Tuesday, April 6, 2010

Power in pomegranates

Seems that food can be an addictive drug… but it can also be a medicine.

This study recently showed that phytochemicals in the seeds of pomegranates may block aromatase, the enzyme that converts androgen to estrogen. This is the same function of aromatase inhibitor drugs (Aromasin, Femara, and Arimidex) which many breast cancer patients take in order to stop estrogen from feeding tumor growth.

Obviously, pomegranates are not going to be replacing aromatase inhibitors anytime soon... but this may eventually have some implications for other estrogen-related processes (such as menopausal symptoms, bone density, and cancer prevention). 

We already know pomegranates are chock-full of antioxidants, but now research suggests they may have properties similar to aromatase inhibitor drugs by blocking the synthesis of estrogen.


  1. I really enjoy reading your blog. As you know, I tend to be pretty skeptical, and I recently found this large study that seems to downplay the role veggies have in reducing the risk of cancer. The link is here: http://jnci.oxfordjournals.org/cgi/content/abstract/djq072

    I am interested in your response. I think an interpretation that keeps in line with your approach to food would be this: while a high-veggie diet may not be cancer-protective by itself, perhaps a high-veggie, low-meat diet is. In other words, you have to keep out the carcinogenic food out order to realize the potential benefits of the veggies.

    I also appreciate your occasional comments about the importance of pushing for new ideas, against the cultural standard. It is difficult, and I know that I am more demanding of new ideas/philosophies than I am of old, established ones.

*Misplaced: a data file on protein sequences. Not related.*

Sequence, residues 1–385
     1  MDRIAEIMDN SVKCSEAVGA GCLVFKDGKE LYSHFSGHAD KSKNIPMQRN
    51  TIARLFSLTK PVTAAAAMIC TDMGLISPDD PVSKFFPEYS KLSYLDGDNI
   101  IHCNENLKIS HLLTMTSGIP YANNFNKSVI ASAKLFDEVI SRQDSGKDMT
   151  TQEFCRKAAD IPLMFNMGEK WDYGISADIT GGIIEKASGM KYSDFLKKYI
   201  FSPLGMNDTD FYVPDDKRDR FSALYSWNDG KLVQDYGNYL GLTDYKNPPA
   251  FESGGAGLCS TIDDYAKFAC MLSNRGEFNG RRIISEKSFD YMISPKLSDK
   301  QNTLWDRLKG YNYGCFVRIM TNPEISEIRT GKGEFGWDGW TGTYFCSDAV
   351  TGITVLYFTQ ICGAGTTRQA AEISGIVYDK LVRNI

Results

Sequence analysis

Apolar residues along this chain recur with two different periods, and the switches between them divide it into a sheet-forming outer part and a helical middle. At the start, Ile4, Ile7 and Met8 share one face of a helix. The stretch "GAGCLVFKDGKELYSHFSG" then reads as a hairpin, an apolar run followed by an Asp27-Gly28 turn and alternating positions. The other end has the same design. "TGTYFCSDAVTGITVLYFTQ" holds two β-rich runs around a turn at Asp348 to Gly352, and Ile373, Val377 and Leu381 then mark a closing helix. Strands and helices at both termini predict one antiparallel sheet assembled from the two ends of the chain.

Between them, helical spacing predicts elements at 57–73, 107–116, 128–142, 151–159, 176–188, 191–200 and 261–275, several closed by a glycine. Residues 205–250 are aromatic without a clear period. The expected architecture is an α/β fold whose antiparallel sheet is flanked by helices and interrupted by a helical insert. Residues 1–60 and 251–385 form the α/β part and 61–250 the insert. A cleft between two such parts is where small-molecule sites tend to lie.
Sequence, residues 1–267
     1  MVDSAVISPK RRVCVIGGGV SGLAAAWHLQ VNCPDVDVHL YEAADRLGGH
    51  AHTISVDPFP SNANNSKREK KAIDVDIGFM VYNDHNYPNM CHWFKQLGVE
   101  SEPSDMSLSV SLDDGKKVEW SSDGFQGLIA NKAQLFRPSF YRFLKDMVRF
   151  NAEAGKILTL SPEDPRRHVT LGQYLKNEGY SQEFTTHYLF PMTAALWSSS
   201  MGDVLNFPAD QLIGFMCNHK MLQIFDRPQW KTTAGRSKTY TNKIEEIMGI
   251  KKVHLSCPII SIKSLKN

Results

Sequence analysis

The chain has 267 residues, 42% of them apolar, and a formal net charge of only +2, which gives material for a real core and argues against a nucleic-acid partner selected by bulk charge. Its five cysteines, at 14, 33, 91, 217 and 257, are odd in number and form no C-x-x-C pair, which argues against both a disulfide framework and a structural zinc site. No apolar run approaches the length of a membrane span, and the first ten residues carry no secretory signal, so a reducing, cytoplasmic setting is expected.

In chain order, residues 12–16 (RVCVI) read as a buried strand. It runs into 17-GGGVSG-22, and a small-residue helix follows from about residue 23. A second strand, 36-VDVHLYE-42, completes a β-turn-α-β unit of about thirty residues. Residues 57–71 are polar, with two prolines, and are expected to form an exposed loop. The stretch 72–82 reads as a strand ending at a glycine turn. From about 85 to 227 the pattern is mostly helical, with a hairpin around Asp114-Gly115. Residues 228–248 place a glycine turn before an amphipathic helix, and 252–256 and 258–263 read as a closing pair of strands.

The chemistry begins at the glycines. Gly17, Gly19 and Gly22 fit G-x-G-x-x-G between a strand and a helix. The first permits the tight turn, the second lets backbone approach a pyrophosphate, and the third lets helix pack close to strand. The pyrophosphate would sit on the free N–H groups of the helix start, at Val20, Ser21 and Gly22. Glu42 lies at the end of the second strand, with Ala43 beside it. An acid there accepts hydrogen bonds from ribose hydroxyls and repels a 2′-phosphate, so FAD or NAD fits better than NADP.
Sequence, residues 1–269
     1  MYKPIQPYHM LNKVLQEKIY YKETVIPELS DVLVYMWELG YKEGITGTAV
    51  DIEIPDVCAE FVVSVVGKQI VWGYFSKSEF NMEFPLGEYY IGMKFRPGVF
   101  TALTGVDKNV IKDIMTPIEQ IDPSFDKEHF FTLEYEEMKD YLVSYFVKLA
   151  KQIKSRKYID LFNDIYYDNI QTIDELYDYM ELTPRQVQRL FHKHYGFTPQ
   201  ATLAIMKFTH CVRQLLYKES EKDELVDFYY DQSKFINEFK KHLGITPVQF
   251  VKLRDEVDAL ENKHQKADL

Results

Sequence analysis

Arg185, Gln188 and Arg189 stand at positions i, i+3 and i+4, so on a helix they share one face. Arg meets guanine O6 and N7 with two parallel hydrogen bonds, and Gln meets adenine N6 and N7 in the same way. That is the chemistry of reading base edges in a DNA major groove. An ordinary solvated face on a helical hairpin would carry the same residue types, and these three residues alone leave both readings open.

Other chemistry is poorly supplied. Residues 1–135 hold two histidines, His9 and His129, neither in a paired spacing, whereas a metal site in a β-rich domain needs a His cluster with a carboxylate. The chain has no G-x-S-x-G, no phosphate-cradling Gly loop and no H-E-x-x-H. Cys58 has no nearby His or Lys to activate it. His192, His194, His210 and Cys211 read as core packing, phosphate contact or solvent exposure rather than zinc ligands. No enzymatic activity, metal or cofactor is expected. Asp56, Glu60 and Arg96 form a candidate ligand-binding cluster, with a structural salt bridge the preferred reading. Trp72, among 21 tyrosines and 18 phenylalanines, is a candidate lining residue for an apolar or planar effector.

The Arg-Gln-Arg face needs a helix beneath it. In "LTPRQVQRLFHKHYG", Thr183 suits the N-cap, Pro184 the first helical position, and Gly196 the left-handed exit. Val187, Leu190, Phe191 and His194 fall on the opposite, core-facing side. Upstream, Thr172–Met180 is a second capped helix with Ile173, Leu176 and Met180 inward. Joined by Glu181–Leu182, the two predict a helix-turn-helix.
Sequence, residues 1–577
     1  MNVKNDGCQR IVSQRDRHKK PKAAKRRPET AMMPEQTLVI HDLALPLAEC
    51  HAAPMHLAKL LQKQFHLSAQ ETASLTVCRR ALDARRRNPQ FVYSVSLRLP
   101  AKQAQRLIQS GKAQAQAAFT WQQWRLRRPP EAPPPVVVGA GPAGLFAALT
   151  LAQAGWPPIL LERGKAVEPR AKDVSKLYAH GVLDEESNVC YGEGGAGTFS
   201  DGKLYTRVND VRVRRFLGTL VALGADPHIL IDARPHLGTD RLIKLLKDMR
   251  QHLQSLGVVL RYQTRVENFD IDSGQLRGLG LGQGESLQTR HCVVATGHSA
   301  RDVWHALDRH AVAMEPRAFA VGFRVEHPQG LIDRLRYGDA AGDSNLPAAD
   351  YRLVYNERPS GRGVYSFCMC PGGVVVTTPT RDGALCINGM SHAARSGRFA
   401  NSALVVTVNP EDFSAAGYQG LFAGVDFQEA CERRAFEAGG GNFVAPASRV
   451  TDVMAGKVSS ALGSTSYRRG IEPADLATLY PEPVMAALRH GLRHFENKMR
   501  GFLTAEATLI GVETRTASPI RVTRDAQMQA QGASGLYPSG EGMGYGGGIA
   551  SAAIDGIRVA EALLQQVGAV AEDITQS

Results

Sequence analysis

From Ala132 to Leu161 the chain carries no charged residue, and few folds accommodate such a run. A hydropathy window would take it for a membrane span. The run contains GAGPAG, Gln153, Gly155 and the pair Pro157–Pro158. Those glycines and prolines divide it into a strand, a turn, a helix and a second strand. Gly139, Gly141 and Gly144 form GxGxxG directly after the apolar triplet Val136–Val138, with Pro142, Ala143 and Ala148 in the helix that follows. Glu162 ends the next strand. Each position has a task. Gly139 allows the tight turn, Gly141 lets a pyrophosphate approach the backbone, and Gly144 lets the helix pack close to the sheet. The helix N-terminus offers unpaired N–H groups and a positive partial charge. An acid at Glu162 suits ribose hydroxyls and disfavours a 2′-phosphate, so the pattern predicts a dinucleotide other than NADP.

I'm curious about the role of faith and reason in your own approach to health, food, and changing habits. Would you say you "know" that yoga is good for you, or do you "believe" that yoga is good for you? Do you think a scientific study could ever convince you that yoga is actually bad for people? (I don't think it is, but I know that it is very hard for many people to accept evidence that contradicts their deeply held beliefs.)

  2. Hi Mike,

    I really appreciate your comments - thank you!

    Yes, that large prospective study found a very small reduced risk of cancer associated with increased fruit and vegetable intake. You make the good point that they don't mention meat consumption - I would love to see that data! I'd also like to see data on dairy. Fruits and veggies can only do so much if we don't minimize the causes of cancer in the first place.

    To answer your question about the role of beliefs: I like to think about this using the distinction between "meditative" and "calculative" medicine (if interested, see my previous post that discusses this more: http://prescribingyoga.blogspot.com/2009/12/meditative-medicine-new-distinction.html)

    To me, meditative medicine provides a better framework for understanding why I practice yoga and why I am a vegetarian. I don't know if these can really be studied using the calculative model... and I'm not sure that results from randomized controlled trials would even significantly change people's "meditative" medical behaviors.

  3. Thank you so much for your reply and your link to your old post. I had never read it, and I really connect with the meditative and calculative approaches to medicine. I think this will help a tremendous amount as I go into psychiatry, a field that basically deals with finding meaning and happiness in life. Also, the meatless monday idea is incredible! Have you heard about Jamie Oliver, the British celebrity chef who has a new show on tv (and hulu) about remaking the diet of a west virginia school cafeteria? It is really interesting seeing people grapple with the change to a healthier diet.